Schaefer: U.S. furloughs 'bad government' Cuts would hurt poor, governor says in letter

September 27, 1990|By Mike Rood | Mike Rood,State News Service

WASHINGTON -- Maryland Gov. William Donald Schaefer has joined the chorus of frustration over federal budget negotiations, saying job furloughs faced next week by many of the state's 265,000 federal employees will cause them financial problems and will harm local economies.

"It is simply bad government to try to balance the national budget by raiding the pocketbooks of our federal workers," Schaefer said in a letter yesterday to Sen. Paul S. Sarbanes, D-Md.

If congressional and White House negotiators cannot agree by Sunday night on a budget that meets deficit-reduction goals, the automatic cuts would hurt most federally aided programs that serve Maryland's poor, Schaefer said.

In his letter to Sarbanes, Schaefer outlined how automatic budget cuts would hit "people" programs the hardest.

"The most devastating impact will be felt by the most needy citizens of our state. Maryland will lose over $7 million for low-income energy assistance," said the governor, who noted that the recent increase in oil prices will worsen the situation.

According to Schaefer's Washington office, other federal programs in Maryland that would be hit hard include:

* Chapter 1 programs for educationally disadvantaged public school students could lose $27 million. Such programs provide money for schools in poor neighborhoods to hire extra classroom aides and provide other resources for students who need special help. In the 1988-89 school year, Maryland received $64.5 million in Chapter 1 funds, of which Baltimore got $29.7 million.

* Unemployment benefit checks could be delayed two weeks or more.

* Drug-abuse programs would suffer $15 million in cuts, requiring the state to drop new anti-drug initiatives.

* Construction delays on the Baltimore Metro extension, which could cost $16 million.

* Delays in meeting goals of the Chesapeake Bay cleanup program could bring more costs.

The biggest impact of furloughs will be felt at the Social Security Administration offices in Woodlawn and at the Metro West building in downtown Baltimore, the governor said.

Also yesterday, SSA Commissioner Gwendolyn S. King said that, if necessary, nearly 14,000 agency employees in the Baltimore area -- and nearly 40,000 more nationally -- will be furloughed to achieve the 32 percent spending cut required under the deficit-reduction act.

Under the furlough plan, King said, employees will be asked to work from 9 a.m. to 3:30 p.m. Monday through Thursday and to take Friday off.

In the second week of the furlough, should that be necessary, SSA employees would work a different schedule because the Columbus Day holiday falls on a Monday. Federal workers cannot receive holiday pay unless they work either the day before the holiday or the day after.

So after taking the Monday holiday, workers' hours would be 9 a.m. to 3:30 p.m. Tuesday and 9 a.m. to 2:30 p.m. Wednesday and Thursday with Friday an off-day. The 16 hours worked in the middle days of the week, added to Monday's holiday pay of eight hours, equals another 24-hour week.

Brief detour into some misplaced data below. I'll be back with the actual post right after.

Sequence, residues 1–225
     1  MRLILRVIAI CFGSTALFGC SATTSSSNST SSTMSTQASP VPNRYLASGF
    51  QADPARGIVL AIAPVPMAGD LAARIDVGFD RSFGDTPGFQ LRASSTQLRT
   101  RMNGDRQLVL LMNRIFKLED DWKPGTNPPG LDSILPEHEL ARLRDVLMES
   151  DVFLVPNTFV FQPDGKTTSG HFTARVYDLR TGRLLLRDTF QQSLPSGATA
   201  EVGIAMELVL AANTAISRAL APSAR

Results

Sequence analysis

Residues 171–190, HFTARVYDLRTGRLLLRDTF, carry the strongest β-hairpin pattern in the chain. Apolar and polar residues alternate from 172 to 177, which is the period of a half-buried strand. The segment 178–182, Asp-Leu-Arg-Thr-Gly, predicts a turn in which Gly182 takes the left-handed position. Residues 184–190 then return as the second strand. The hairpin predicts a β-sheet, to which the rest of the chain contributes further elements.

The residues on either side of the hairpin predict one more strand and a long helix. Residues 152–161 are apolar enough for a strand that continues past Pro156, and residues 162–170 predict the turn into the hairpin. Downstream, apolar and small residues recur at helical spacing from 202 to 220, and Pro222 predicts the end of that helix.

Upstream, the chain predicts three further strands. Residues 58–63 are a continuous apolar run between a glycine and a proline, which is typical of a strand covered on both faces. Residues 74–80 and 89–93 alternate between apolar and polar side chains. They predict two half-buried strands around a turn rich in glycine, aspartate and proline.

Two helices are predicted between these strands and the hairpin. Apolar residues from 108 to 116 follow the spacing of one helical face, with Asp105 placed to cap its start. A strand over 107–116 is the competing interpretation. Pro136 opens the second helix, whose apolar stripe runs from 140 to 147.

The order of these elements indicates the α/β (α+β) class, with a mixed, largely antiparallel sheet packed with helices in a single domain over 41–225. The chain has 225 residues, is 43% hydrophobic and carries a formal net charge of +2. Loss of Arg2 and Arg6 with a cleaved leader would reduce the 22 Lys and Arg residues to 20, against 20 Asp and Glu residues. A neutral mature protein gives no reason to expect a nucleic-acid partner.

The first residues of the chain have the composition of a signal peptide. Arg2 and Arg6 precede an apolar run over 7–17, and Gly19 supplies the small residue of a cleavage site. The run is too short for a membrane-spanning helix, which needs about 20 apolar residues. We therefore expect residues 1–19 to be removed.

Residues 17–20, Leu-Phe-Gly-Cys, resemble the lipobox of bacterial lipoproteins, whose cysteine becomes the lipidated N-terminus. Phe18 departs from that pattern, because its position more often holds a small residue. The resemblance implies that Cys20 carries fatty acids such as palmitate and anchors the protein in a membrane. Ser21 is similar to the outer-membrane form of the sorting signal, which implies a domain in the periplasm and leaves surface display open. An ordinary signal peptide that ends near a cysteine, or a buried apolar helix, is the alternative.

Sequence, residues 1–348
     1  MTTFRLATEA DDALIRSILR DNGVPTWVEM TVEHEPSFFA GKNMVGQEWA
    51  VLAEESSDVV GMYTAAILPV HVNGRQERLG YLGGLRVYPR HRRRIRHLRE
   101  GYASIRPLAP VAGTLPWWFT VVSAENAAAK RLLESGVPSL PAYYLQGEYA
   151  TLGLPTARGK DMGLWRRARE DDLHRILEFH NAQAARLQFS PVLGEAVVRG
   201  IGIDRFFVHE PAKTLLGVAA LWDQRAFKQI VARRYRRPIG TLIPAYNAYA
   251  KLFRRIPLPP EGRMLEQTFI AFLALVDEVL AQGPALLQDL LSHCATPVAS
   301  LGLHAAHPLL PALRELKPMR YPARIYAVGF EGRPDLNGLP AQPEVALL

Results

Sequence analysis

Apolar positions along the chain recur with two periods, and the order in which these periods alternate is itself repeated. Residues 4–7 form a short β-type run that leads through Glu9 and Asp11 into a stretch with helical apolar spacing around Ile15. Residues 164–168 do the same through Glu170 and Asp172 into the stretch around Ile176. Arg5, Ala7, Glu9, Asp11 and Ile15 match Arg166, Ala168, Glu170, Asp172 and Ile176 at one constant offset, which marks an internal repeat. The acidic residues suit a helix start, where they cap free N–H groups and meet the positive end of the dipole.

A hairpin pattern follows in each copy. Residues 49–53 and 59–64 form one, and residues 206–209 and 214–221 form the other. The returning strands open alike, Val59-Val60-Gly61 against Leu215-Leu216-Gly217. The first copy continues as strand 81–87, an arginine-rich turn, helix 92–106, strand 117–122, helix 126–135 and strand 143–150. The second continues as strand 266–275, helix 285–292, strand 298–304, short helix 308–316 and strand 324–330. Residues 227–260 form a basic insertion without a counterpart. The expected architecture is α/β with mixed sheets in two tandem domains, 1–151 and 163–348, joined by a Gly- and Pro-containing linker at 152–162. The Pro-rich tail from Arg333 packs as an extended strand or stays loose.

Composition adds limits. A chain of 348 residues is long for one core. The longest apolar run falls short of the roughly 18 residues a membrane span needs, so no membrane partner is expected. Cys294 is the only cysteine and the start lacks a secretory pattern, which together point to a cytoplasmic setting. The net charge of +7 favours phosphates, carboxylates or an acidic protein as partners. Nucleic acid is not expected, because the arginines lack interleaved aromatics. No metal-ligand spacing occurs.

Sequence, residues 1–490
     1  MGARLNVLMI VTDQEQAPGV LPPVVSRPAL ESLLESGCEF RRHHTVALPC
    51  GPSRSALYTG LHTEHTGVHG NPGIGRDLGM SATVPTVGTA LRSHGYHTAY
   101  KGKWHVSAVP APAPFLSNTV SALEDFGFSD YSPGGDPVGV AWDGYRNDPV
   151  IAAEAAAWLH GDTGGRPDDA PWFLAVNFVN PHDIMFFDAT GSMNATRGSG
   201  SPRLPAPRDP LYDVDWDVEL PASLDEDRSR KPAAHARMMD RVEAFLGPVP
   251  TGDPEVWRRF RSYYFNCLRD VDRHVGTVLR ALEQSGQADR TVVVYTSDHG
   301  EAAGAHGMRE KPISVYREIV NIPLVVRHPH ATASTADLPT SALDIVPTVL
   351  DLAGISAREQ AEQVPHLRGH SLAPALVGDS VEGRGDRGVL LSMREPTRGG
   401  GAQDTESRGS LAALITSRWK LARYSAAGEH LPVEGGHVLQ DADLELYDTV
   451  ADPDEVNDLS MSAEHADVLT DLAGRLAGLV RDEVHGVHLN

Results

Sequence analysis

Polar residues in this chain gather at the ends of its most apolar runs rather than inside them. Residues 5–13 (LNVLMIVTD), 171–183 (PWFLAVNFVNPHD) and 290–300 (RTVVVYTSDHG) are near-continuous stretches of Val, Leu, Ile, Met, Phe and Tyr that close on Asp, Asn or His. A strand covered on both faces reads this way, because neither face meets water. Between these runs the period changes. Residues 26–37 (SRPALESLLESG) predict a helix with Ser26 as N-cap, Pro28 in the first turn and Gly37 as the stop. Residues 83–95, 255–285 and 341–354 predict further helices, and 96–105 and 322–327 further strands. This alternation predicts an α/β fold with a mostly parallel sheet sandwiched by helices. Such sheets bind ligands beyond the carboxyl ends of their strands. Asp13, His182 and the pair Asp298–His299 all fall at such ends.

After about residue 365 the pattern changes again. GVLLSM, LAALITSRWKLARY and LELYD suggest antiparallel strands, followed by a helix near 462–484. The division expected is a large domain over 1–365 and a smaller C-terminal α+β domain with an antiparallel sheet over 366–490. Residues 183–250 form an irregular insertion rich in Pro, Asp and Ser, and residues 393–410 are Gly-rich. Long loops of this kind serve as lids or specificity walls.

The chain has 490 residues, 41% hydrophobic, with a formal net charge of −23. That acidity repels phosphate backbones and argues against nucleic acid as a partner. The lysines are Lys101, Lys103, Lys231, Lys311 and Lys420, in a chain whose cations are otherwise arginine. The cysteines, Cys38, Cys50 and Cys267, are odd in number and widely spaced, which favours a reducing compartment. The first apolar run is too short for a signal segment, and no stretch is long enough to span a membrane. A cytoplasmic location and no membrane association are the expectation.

In the third week, employees would return to the first week's schedule until the end of the year if need be. Thanksgiving and Christmas fall on work days, but SSA did not release what the schedules would be for those weeks should a budget impasse continue that long.

King said she decided on a furlough solution that would keep SSA offices open the longest and still consider the needs of employees.

"The mission of this agency has to do with providing services to the public as well as meeting the needs of our employees," she said.

Had the agency furloughed employees on Tuesday and Thursday as had first been speculated, service to the public and employees' paychecks would have been affected, King said.

Social Security retirement checks go out Wednesday and the agency is busiest on the day of mailings and the day after, she said. Under the previous plan, no one would have answered the telephone the day after the checks went out.

King also pledged to take a 40 percent salary reduction -- the same as employees -- for as long as a budget impasse continues. King is paid more than $83,000 a year.

"It's going to hurt me, too," she said of any furlough. But King also noted that only presidential appointees confirmed by the Senate are exempt from the deficit-reduction law, and she is the only such employee at SSA.

Choosing not to mention the Bush administration's half of the bargain, King said, "it is important for everyone to understand that Congress must act" on the budget. "We're the pawns in this chess game and it's not fair," she said.

SSA employees were much in evidence on the U.S. Capitol steps yesterday as more than 3,000 federal workers held a lively demonstration opposing furloughs. About 900 SSA workers traveled by bus from Woodlawn to join the crowd.

Sarbanes told the boisterous group that Maryland lawmakers were going to stand by them. "A nation that has a second-rate public service is a second-rate nation," he said.

Most of the speakers blamed any furloughs on President Bush, who has been insisting on a cut in the capital gains tax during the budget summit.

The capital gains break would significantly benefit only the top few percent of taxpayers, a point not missed at the rally. Maryland Rep. Benjamin A. Cardin, D-3rd, said workers shouldn't be scapegoats for "the president's insistence on a tax break for the wealthy."

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